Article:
MONTHLY SUBSCRIPTIONS

We love huckleberries, and that’s the truth. It’s also true that you can find huckleberries in just about any form here; for an extra decadent taste of this coveted wild fruit, we recommend huckleberry fudge. The Sweets Barn in Lolo offers an ongoing taste of Montana with their Fudge Hog Club. This gift will keep on giving month after month with a new flavor of scratch-made buttercream fudge. The Last Best Box is another subscription chock-full of Montana goodies from artists, artisans and local businesses. Their October box featured Evening Chai tea from Lake Missoula Tea Company (a local favorite).

The Last Best Box is an amazing gift to give. Photo: Last Best Box

CABIN ESSENTIALS

You would be hard pressed to find a more authentic Montana gift than these hand-drawn, hand-lettered maps by Xplorer Maps. Choose from a map of Montana, Flathead Lake or Glacier National Park. Their masterful Old-World style maps offer vibrant images of the landscape, flora and wildlife—making them a unique and unforgettable gift. Get snug fireside with a Camp Blanket from Dig + Co. This blanket is made of high-quality flannel sourced from Missoula—the ultimate get-your-cozy-on gift.

These maps will add a vibrant splash of Montana to any décor. Photo: Xplorer Maps

BATH AND BODY

Bath and body gifts are always on trend, but DAYSPA Body Basics keeps it fresh with their own line of handcrafted natural products. Online and gift options include those for men, pregnancy, babies, cold season and more. The organic sugar body scrub comes in scents like Cowboy Coffee, Coconut Cake and Lavender Mint. Pamper your man with the Activated Charcoal Shave Cream paired with the Organic Aloe After Shave Balm.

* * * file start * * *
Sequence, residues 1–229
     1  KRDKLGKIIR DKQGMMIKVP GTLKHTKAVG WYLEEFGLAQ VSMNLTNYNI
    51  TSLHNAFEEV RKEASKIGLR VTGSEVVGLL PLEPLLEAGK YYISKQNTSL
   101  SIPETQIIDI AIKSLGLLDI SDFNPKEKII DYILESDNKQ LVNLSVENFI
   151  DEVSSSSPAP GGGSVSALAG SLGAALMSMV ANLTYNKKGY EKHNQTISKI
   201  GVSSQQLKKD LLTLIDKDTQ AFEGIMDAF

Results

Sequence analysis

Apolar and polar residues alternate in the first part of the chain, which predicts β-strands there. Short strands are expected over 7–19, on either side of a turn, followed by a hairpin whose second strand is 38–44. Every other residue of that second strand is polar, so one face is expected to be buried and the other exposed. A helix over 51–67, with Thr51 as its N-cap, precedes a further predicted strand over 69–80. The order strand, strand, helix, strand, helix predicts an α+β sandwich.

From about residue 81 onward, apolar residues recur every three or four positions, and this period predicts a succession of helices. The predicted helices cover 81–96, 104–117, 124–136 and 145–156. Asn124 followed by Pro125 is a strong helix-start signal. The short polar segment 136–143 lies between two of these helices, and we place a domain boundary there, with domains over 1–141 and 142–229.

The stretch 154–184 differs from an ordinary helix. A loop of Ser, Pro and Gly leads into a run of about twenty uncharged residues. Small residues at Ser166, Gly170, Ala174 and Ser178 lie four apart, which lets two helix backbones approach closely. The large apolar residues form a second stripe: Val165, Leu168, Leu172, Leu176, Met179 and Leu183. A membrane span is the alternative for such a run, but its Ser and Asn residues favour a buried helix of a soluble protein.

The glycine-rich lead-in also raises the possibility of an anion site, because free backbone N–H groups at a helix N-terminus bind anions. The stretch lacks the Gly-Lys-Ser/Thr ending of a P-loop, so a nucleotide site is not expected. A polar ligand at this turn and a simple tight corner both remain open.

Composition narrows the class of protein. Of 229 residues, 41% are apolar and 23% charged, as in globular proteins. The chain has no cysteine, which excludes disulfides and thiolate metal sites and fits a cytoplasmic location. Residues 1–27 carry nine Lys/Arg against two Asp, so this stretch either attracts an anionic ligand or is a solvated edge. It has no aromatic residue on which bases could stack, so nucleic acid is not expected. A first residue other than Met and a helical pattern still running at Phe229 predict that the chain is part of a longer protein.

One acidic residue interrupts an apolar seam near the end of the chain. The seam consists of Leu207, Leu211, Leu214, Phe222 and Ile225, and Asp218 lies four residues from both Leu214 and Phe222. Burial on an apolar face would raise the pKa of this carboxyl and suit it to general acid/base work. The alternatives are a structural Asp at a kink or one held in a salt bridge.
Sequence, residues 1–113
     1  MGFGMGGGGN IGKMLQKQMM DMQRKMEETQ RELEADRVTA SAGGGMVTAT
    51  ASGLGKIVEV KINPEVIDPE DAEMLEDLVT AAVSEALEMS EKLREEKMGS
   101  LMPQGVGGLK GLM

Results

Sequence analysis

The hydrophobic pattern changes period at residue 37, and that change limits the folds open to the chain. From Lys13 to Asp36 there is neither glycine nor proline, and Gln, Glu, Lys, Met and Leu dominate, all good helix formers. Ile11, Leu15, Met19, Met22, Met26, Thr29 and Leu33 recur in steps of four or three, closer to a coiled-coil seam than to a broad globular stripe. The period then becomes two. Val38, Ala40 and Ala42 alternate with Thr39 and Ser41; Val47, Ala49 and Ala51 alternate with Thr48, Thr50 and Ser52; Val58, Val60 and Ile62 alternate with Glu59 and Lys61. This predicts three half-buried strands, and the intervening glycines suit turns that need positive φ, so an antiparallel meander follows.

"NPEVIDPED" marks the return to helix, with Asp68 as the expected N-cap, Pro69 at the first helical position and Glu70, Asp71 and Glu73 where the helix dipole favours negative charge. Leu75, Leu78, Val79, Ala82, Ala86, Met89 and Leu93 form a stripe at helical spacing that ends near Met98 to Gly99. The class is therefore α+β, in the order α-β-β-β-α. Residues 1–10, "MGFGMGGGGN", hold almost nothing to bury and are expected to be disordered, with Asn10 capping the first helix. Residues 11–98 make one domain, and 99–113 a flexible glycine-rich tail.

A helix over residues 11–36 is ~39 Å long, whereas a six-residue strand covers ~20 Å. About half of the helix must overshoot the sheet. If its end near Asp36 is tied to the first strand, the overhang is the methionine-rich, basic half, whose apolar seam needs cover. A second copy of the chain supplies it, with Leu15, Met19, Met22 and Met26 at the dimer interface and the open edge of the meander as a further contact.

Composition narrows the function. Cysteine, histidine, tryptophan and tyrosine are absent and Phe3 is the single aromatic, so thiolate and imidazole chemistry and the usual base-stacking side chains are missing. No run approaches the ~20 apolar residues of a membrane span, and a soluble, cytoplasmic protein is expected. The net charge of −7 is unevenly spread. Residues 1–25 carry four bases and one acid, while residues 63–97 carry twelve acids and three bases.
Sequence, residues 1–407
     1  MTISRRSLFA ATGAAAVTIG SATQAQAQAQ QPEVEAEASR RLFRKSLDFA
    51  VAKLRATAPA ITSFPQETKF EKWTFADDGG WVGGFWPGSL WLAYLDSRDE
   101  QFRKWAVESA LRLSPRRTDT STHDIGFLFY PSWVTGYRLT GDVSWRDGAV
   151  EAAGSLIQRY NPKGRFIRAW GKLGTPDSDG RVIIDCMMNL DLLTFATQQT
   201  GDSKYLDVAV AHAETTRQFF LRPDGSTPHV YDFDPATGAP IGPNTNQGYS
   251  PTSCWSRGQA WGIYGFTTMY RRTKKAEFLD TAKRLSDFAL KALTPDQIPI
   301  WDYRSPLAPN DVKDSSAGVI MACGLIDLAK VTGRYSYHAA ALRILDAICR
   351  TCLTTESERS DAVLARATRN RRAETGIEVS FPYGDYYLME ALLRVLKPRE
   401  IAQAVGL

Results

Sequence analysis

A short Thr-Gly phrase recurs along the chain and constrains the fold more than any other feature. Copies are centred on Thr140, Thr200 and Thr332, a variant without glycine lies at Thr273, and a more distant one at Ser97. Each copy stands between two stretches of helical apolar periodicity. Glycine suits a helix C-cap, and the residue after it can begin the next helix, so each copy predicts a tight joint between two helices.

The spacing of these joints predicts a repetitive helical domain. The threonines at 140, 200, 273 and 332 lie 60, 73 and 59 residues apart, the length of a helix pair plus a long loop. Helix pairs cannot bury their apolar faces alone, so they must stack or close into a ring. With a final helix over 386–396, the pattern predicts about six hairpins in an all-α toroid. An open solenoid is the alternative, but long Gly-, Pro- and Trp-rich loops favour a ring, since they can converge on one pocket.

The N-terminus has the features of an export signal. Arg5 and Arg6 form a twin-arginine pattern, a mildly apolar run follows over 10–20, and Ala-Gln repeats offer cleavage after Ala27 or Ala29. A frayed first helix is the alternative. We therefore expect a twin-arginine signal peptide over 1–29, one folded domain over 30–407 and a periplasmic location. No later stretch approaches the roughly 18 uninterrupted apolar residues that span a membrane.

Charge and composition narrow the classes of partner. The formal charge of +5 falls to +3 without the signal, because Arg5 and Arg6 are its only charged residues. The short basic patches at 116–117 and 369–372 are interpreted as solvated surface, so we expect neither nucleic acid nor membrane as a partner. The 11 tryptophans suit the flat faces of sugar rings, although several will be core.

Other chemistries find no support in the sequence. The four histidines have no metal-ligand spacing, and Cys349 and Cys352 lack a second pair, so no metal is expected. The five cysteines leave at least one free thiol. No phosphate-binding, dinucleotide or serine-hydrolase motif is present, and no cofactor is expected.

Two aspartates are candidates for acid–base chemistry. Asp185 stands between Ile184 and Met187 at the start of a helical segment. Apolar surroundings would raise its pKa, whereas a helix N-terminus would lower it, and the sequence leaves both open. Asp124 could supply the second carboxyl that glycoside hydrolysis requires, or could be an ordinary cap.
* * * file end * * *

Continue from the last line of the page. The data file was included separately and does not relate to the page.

So many different and amazing choices, we can’t make up our minds! Photo: DAYSPA Body Basics

JEWELRY

Montana-made jewelry is a timeless gift, and a favorite for any occasion. Always There Designs offers fun and casual hand-stamped metalwork necklaces, earrings and bracelets. They feature designs in the shape of Montana and mantras like “be brave” or “fearless.” For a bolder look, Wild Mountain Ink makes porcelain jewelry adorned with hand-drawn designs. All of their products are one of a kind and depict Montana’s vast and beautiful landscape.

So many beautiful pieces to choose from, but this is one of our favorites. Photo: Wild Mountain Ink

HOLIDAY ODDS AND ENDS

Western Montana is known for bison, and we are lucky enough to have bison ranches galore. One ranch, located on the Flathead Indian Reservation, makes one of our favorite treats, Roam Free bison bites. You can’t beat the taste of this grass-fed and sustainably raised bison. Another item high on our list of things we love is coffee. Online at Montana Coffee Traders find savory flavors like Montana Blend and Trailblazer. From dark to light roasts, plus organic and espresso options, they have it all—the perfect gift for any coffee lover.

Roam Free wood-fired pizza bison bites are drool-worthy. Photo: Roam Free